Gabbie smelled the coppery scent of the rocks encircled around them, and she sighed in content. Truth be told, Gabbie did not see why the others wanted to go back to Earth, palace where magic was cast through electricity and apps. So mundane, and so monochrome.

“Hey. You still awake?” Came a familiar and annoying voice.

“Yes,” Gabbie admitted. She turned to face Silverskin. “What do you want?” Despite her aggravation towards the elf, she still couldn’t help but think ‘Wow, I’m actually talking to an elf!’

“Do you want to see the lake with me?”

“What? I thought the lake had a god or something in there. A not so nice god, that is.”

“Yeah, I’ve heard that, too. I never saw it, though. I was hoping you’d like to go with me and find out.”

“You don’t seem to like me very much. I’m not if if I should go with you.”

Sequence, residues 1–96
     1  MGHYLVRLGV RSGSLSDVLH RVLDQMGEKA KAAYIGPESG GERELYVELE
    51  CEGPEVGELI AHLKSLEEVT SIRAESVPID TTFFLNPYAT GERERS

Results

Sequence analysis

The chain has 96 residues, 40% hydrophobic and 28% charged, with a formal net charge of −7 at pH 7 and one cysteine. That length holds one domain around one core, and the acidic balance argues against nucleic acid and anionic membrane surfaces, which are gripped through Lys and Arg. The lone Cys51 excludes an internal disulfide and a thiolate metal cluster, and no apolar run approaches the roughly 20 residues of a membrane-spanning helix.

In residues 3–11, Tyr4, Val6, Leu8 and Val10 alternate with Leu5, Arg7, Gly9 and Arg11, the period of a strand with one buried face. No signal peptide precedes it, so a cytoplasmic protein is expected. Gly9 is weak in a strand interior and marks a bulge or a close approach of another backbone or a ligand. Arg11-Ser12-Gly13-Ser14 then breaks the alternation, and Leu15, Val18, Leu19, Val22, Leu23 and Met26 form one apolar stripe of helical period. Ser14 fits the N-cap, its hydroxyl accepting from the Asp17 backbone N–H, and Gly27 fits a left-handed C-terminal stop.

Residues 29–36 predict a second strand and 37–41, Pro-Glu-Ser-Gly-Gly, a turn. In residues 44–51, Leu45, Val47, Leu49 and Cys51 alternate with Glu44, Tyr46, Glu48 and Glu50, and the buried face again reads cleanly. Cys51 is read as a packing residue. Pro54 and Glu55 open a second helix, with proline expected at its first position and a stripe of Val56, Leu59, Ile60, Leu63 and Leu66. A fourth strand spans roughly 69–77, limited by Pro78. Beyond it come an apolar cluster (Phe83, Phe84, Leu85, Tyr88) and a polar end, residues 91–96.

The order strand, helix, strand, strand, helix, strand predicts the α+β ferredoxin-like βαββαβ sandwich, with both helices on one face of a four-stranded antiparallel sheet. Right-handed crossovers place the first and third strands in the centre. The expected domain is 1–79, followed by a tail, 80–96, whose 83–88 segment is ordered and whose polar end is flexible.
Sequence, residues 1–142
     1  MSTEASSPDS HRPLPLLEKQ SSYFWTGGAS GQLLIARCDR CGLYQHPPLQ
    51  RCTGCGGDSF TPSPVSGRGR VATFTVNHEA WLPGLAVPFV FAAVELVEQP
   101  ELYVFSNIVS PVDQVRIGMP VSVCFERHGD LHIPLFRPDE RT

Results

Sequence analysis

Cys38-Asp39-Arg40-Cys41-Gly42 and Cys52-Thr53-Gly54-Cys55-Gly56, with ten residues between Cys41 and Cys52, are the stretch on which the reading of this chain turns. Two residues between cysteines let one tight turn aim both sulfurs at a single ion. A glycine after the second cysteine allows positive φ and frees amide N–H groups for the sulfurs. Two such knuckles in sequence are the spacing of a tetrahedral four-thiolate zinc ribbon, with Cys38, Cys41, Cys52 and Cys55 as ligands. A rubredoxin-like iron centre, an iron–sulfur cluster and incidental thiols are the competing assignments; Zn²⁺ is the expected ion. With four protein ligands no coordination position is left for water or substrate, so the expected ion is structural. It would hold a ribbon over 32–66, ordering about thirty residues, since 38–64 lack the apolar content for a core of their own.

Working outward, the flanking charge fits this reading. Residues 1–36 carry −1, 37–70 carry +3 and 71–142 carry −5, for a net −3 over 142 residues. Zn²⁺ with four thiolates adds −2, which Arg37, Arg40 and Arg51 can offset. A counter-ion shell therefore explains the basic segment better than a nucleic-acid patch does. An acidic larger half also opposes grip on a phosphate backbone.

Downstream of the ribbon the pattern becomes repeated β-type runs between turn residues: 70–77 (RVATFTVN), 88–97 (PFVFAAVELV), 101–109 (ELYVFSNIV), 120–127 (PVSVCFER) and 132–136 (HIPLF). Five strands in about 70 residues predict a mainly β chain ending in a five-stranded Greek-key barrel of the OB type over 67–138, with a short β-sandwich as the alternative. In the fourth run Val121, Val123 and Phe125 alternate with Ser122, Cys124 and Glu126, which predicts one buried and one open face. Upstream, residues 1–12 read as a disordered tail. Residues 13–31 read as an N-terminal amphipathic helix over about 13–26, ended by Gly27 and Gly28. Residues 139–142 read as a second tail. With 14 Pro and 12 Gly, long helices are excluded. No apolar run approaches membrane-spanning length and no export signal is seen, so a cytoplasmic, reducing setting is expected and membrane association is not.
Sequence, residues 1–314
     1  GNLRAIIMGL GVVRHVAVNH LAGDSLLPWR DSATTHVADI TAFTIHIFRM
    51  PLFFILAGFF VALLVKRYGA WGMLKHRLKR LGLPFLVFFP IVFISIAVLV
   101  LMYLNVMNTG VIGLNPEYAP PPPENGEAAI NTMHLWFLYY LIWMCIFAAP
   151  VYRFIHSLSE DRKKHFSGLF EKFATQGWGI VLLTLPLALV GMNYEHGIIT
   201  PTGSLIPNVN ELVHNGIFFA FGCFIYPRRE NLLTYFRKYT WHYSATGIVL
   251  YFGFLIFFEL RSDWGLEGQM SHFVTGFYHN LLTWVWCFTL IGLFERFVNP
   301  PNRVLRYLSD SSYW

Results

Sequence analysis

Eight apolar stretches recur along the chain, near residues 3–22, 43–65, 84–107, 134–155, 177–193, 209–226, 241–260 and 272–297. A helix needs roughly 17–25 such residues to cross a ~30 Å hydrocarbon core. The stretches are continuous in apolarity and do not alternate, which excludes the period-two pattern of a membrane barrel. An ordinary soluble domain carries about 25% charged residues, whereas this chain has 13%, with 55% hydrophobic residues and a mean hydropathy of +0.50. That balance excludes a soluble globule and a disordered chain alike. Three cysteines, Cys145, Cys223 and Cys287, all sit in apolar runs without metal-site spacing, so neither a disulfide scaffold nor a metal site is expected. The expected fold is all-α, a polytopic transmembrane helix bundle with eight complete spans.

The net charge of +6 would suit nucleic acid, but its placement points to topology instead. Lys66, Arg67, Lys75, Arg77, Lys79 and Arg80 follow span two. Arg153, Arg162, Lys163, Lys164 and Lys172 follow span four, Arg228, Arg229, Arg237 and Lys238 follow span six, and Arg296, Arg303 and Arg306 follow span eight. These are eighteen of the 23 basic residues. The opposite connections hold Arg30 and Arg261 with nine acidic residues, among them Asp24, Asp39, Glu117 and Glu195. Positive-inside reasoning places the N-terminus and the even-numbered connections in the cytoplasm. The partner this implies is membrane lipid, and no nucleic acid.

“Yeah, you’re not my favorite person,” Silverskin admitted. “You seem to think that you know everything about elves when you just don’t.”

“But—“ Gabbie wanted to tell him them she never met a real life elf before. She wouldn’t have known otherwise. But if she said that out loud, her only cover of being a half-human would be blown. Not even Digitalis or Glue Pot knew about who the kids really were. So Gabbie bit her lip and let Silverskin continue.

“Still, I can see that you like it here and are curious, Just like me!”

“So what you’re saying is,” Gabbie grinned as she connected the dots, “that you never went to the lake alone and want to take someone with you.”

“Sharp as a knife, I’ll give you that.” Silverskin crossed his arms and stroked his chin as if he had a beard. “Yeah. My mother never lets me out of Rockestel or the Heights unless its with a patrol group. We don’t get near enough to the lake for me to properly see for myself.”

“What’s this god suppose to look like?” Gabbie couldn’t hide her interest. Who could say that they’ve seen a god?

“He used to be the god of marshes and lakes. He’d create marshes to make peat for his subjects ad lakes to provide bounties of fish. The god is suppose to have purple scales and huge, hypnotizing green eyes.”

“Wow,” Gabbie chirped. She blinked. “Wait, you’re not persuading me, are you?”